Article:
OpenDNS is a customizable DNS service that protects you from phishing, speeds up your web browsing and allows you to filter content and block websites. By default, OpenDNS comes with OpenDNS branding and generic text explaining why sites are blocked. But if you are running OpenDNS on a corporate or school network, you might want to add your own logo and messages.
Before beginning, you might want to learn a bit about how OpenDNS works and how to set up OpenDNS on your home network (custom messages are fun at home, too). If you’ve got that covered, you can move on:
- How to Add a Custom Logo to Your OpenDNS Pages
- How to Add a Custom Message to Your OpenDNS Pages
- How to Change Your Network Administrator Contact Email in OpenDNS for Network Feedback
Add a Custom Logo to Your OpenDNS Pages
Visit your OpenDNS Dashboard, click on Settings and choose your network from the drop-down menu.
Click Choose File. Browse to your custom logo’s image file and select it.
Your filename will be shown to the right of the Choose file button. Click Upload.
The image will need some editing before adding it to your OpenDNS setup. Click Click here to edit it.
Crop your image to fit and click Save Changes. (Tip: To save yourself the trouble, start with a JPEG that is 125 x 70 pixels.)
Back on the Customization tab, select your custom logo and click Apply.
Add a Custom Message to your OpenDNS Block Pages
There are three kinds of pages that OpenDNS shows:
- The Guide page is shown when a website doesn’t exist, isn’t working or a link is broken.
- The Block page is shown when a website is blocked according to the content and web filtering rules you set up.
- The Phishing block page is shown when a site known for malicious activity (according to OpenDNS) is blocked.
For each one of these pages, you can display a different message. By default, it’ll show the OpenDNS boilerplate information and a brief explanation of why the page couldn’t be shown. But if you want to snazz it up a bit, you can.
From the Customization tab, scroll down to one of the three page settings panes.
Select the second option for the page you want to customize. For example, Guide with your message or Block page with your message or Phishing block page message.
Type in your custom message and then click APPLY. Now, your custom message will be displayed when a site is blocked.
If you are filling out a custom block page message, you have two boxes: one that’s shown when a site is blocked because it’s part of a filtered category (e.g. pornography, social networking, gambling) and one that’s shown when an individual domain name is blocked.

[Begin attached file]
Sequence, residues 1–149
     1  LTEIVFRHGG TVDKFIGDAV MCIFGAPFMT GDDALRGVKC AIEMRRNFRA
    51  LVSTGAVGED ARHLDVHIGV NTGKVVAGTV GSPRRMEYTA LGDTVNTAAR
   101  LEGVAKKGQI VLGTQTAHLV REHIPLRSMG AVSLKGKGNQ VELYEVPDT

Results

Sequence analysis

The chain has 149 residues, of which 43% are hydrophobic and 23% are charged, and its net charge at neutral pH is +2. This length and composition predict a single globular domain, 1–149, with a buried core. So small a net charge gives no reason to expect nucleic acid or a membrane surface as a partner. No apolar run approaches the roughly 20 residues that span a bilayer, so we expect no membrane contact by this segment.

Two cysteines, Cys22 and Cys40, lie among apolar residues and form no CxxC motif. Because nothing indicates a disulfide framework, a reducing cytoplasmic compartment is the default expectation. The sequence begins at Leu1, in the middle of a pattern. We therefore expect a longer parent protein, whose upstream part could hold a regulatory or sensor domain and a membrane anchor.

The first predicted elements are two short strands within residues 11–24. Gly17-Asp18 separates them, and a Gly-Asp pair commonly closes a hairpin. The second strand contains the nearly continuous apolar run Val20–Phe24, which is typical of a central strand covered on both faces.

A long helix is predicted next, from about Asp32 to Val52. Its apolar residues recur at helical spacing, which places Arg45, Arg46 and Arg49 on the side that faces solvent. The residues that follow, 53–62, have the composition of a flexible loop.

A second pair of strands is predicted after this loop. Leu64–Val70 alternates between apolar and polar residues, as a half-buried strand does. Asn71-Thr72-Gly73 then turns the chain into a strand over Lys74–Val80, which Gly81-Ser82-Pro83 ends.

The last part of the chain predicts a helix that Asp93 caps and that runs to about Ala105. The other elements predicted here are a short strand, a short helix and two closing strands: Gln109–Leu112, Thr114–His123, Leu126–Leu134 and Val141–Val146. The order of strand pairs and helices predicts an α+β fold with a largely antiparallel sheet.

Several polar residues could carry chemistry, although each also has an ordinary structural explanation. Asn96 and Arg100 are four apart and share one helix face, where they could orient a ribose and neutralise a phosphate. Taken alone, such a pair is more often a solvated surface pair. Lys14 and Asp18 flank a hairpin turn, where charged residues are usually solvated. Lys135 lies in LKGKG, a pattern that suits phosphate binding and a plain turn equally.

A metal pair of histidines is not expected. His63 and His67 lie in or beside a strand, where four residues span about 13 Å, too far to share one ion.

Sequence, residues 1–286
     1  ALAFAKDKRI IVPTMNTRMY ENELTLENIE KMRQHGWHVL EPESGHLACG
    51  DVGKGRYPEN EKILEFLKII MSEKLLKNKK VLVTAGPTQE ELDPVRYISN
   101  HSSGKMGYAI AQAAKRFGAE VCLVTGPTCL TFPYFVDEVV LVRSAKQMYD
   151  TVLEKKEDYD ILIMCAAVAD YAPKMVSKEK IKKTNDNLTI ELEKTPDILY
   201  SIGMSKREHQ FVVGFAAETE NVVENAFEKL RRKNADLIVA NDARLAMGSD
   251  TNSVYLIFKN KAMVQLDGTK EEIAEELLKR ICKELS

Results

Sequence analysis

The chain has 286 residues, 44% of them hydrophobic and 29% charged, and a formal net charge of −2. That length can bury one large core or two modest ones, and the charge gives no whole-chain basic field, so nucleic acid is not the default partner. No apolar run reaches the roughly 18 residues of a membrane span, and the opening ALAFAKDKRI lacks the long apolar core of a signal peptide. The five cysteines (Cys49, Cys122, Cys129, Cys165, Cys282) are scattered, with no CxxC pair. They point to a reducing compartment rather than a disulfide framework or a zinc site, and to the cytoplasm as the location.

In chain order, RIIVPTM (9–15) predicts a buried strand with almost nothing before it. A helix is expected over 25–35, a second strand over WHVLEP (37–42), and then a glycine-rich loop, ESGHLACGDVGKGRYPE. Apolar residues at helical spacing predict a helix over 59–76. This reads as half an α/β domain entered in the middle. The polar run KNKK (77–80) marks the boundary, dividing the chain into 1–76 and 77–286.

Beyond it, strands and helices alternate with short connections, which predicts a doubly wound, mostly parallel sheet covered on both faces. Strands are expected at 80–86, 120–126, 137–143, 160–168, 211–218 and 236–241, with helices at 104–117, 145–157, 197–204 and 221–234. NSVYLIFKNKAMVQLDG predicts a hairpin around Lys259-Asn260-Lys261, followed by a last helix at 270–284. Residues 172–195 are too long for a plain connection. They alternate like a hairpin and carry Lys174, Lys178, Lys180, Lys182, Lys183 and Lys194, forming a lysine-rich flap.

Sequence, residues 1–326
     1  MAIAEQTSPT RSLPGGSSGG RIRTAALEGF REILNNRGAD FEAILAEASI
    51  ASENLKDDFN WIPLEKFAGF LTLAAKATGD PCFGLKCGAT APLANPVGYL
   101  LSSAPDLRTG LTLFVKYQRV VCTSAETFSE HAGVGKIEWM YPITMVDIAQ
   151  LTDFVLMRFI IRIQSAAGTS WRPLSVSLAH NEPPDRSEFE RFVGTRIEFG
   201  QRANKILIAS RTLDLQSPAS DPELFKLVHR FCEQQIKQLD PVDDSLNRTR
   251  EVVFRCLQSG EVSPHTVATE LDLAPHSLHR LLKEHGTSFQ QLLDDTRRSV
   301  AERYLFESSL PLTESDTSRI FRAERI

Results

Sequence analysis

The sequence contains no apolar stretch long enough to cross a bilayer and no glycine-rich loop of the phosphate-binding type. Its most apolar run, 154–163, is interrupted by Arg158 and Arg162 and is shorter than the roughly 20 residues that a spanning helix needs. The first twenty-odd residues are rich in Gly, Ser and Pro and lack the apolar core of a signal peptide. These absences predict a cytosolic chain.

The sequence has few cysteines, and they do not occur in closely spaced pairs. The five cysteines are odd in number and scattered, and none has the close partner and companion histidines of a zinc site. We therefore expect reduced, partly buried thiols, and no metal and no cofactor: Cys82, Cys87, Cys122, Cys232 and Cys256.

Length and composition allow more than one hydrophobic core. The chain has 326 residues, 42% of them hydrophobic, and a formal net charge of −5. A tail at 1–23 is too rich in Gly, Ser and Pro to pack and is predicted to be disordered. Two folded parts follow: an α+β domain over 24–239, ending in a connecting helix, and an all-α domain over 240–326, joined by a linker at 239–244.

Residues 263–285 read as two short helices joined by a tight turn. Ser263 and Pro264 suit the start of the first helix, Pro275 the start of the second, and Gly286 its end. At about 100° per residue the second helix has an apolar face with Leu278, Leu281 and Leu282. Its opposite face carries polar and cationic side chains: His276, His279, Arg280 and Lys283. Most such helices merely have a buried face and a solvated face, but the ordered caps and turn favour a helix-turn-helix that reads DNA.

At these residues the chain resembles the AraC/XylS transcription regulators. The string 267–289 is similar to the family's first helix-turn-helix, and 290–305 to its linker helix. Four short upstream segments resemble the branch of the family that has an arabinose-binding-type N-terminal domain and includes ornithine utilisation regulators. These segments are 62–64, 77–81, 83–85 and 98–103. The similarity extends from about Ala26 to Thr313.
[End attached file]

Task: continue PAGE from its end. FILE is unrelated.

For the first example, let’s say you’ve blocked all news and blog sites at work. It’ll say something like the following:
Notice that the category of the site is also listed.
In the second example, I’ve specifically blocked facebook.com, so you’ll see this:
Change Your Network Administrator Contact Email in OpenDNS for Network Feedback
On any of the block pages, the user will have an opportunity to Contact your network administrator (you) via email.
This might elicit some anonymous harassment (users can punch in whatever name and email they want), but it might also reveal sites that need to be whitelisted for legitimate reasons.
You can change the email address where you receive these messages by clicking My Account and Email Settings. You have two addresses. The second one (Network feedback email address) is the one that receives emails from the form on the blocked page notice.
These are minor tweaks to the already full-featured OpenDNS service. But they might help inexperienced users feel more comfortable on your network, or at least give them clearer direction on what they should do to unblock a website.
There’s one other customization you might want on OpenDNS: removing the advertisements on the block and guide pages. The fix for that is simple, but not free: sign up for a paid Premium DNS account from OpenDNS and the sponsored content and ad banners will be disabled by default.
Do you use OpenDNS’s customization settings? Tell us about yours in the comments.